Food & Drink

What to Eat in Malaysia to Replace the Thai Street Food You’re Going to Miss

Update – 21 April 2017: As we expected, many of the measures in the news below have been rescinded. The Tourism Authority of Thailand (TAT) has made an announcement stating that they would like to assure everyone that “Bangkok remains a top destination for street food”. The statement said:

“There is no outright ban on the sale of street food… BMA has said that it will be providing support to the city’s street food vendors to help them raise hygienic standards.”


If anywhere is more famous than Malaysia for street food, it’s Thailand. However, Thai authorities have announced that street food stalls are to be banned from Bangkok’s streets. The Bangkok Metropolitan Administration (BMA), the city’s local governing body, has ordered all street food vendors to shut down, citing prioritising “order and hygiene” and to “return the pavements to pedestrians.”

This is a country whose street food is among the best in the world according to even CNN and the most visited capital according to Forbes, largely due to its cuisine. We here at ExpatGo think this is quite an extreme measure – and certainly difficult to achieve – and many would say this would be a near-fatal blow to the country’s tourism industry.

Still it got us thinking: if this ban went through, it could work out very well for Malaysia. Less famous for its food than Thailand, but still with an incredible selection for those in the know, here are a few suggestions for Malaysian dishes that could replace the Thai street food you might soon be craving. Obviously it’s not really possible to find direct equivalents in different countries – if it were, local cuisines wouldn’t have their own identities! – but we think these dishes below might fill the void for your appetite for Thai (‘appeThaite’?):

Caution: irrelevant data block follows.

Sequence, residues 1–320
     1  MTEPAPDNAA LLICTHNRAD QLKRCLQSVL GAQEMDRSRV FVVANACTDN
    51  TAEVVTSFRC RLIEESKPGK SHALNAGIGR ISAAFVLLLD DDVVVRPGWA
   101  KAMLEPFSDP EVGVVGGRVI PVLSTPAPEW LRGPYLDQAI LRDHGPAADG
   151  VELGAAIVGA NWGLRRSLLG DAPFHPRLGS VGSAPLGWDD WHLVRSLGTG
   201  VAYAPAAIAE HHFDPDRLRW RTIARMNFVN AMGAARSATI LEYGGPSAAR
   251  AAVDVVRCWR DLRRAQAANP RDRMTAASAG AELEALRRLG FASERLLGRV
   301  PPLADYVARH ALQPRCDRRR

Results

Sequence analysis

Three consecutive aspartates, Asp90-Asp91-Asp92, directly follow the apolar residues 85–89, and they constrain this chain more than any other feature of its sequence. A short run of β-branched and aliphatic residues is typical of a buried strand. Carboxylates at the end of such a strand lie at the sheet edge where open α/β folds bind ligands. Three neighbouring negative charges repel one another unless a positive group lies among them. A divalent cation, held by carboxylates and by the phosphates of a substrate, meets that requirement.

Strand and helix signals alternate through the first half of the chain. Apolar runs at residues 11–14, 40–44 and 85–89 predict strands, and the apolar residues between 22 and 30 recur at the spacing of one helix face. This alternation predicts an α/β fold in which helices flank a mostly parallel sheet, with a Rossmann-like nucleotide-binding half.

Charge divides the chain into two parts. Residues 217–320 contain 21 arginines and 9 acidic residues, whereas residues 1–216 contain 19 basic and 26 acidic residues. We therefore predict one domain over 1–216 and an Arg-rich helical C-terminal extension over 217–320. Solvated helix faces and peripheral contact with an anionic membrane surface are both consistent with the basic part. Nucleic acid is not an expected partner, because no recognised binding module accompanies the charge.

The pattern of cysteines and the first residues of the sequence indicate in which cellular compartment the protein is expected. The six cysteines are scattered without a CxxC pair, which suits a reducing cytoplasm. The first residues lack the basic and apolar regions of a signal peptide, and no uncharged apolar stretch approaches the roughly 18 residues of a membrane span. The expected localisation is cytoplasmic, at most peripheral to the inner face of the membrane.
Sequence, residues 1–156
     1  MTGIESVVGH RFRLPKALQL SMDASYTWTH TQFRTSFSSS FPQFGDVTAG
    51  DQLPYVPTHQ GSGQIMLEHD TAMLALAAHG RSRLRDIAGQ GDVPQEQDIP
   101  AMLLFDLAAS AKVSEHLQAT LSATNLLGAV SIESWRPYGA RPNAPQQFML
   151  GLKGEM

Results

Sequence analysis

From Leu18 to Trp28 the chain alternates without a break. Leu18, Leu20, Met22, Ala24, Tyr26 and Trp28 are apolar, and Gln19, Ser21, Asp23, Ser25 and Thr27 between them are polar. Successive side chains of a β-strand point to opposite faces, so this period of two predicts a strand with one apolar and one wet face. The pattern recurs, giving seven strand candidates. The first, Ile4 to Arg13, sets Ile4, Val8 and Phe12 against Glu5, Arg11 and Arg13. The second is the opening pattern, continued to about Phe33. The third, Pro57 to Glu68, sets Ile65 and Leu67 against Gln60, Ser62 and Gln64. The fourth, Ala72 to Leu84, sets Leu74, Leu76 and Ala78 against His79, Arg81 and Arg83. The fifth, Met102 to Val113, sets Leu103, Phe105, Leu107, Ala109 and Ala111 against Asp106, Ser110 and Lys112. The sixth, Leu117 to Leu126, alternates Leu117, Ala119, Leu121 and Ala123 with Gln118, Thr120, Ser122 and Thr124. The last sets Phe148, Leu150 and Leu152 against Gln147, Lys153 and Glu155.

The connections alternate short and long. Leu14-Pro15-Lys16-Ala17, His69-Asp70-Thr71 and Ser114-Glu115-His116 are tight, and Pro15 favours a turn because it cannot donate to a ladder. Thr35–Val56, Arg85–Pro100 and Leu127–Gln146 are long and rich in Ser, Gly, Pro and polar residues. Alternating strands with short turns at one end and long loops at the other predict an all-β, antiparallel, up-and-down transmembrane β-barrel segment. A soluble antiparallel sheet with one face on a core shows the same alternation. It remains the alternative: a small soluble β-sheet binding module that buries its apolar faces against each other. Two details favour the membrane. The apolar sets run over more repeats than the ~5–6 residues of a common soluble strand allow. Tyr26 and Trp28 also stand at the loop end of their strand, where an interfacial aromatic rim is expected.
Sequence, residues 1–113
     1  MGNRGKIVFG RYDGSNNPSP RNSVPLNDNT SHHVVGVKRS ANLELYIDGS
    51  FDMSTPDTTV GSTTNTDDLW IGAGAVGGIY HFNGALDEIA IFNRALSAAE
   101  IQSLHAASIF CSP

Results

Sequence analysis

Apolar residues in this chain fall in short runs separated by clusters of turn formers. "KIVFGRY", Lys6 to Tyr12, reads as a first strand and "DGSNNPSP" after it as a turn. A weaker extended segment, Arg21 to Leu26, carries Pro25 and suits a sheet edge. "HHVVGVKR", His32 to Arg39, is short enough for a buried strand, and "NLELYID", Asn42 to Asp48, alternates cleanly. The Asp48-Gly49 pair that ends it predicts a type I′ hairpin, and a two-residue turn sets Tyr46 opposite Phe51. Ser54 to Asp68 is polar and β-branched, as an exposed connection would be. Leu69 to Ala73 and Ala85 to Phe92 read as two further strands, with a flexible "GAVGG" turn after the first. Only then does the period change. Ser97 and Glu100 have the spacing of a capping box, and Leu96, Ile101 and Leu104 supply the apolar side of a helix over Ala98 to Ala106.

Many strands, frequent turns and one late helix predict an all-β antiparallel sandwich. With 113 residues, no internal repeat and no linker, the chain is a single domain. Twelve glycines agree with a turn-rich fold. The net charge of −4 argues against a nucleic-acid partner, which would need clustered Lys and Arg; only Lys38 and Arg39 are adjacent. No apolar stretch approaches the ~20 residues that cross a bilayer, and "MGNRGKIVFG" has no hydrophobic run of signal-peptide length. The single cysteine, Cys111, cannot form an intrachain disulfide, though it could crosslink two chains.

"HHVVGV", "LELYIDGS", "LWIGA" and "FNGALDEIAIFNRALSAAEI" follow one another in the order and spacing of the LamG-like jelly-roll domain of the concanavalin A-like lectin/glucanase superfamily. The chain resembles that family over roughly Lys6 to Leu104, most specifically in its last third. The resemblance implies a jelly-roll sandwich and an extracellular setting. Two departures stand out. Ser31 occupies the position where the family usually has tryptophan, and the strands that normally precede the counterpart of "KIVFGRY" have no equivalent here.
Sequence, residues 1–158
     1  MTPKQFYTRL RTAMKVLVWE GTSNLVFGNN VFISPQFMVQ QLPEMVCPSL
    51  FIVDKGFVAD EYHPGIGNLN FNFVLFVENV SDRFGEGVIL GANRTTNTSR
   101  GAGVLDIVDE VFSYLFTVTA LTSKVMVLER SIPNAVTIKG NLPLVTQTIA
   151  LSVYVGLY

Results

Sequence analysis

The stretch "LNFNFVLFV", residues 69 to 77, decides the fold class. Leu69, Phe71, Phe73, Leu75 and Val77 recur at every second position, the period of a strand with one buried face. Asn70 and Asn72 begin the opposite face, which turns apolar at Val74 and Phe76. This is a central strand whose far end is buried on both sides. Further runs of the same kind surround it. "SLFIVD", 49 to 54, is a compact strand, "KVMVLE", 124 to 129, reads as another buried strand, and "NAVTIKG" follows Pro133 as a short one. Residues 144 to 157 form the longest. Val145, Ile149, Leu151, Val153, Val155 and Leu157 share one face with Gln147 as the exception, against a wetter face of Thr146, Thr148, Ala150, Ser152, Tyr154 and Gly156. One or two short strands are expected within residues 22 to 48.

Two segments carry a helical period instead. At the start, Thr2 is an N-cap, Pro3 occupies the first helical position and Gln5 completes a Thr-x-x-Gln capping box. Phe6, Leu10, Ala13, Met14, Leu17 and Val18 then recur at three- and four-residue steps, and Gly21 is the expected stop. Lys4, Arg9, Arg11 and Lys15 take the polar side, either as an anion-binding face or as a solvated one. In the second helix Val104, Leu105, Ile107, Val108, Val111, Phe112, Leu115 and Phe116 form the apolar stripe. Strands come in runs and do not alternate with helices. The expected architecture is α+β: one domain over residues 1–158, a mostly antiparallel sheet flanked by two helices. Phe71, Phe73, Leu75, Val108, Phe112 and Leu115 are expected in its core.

Instead of chok: nasi lemak or porridge

Malaysian porridge

Malaysia’s nasi lemak, often served with anchovies, peanuts, boiled egg, lamb curry, cucumber, and traditional chilli paste will be a great replacement for your breakfast rice dish.

Alternatively the porridge in Thailand is similar to the Hakka porridge here in Malaysia (not Teochew porridge which is usually more watery). In Malaysia  you get even more joy from your dish because it usually comes with fillings like shredded chicken and hard boiled eggs, or peanuts, plus soy sauce and sliced ginger.

Instead of pathongko: you char kway

Thai pathongko

Also known sometimes as youtiao (mainly in Trang Province in the south of Thailand), these ‘Chinese doughnuts’ are essentially deep-fried breadsticks; golden-brown  strips of dough that are very popular at breakfast.

In Malay it is spelled ‘cakoi‘ and the Malaysian version again has more fillings that its Thai counterpart, including sweet red bean paste or savoury sardines. The plain version is usually eaten with coconut jam, known here as kaya, or dipped in coffee.

Instead of pad thai: char kuey teow

Pad Thai

This dish is so quintessentially Thai that it’s impossible to find a local equivalent outside of Thailand; the combination of tamarind paste, fish sauce, garlic, peanuts and lime with noodles and chicken or prawns is the definitive taste of the Bangkok’s street food and it’s the dish that will be most missed from the city’s streets, in my opinion.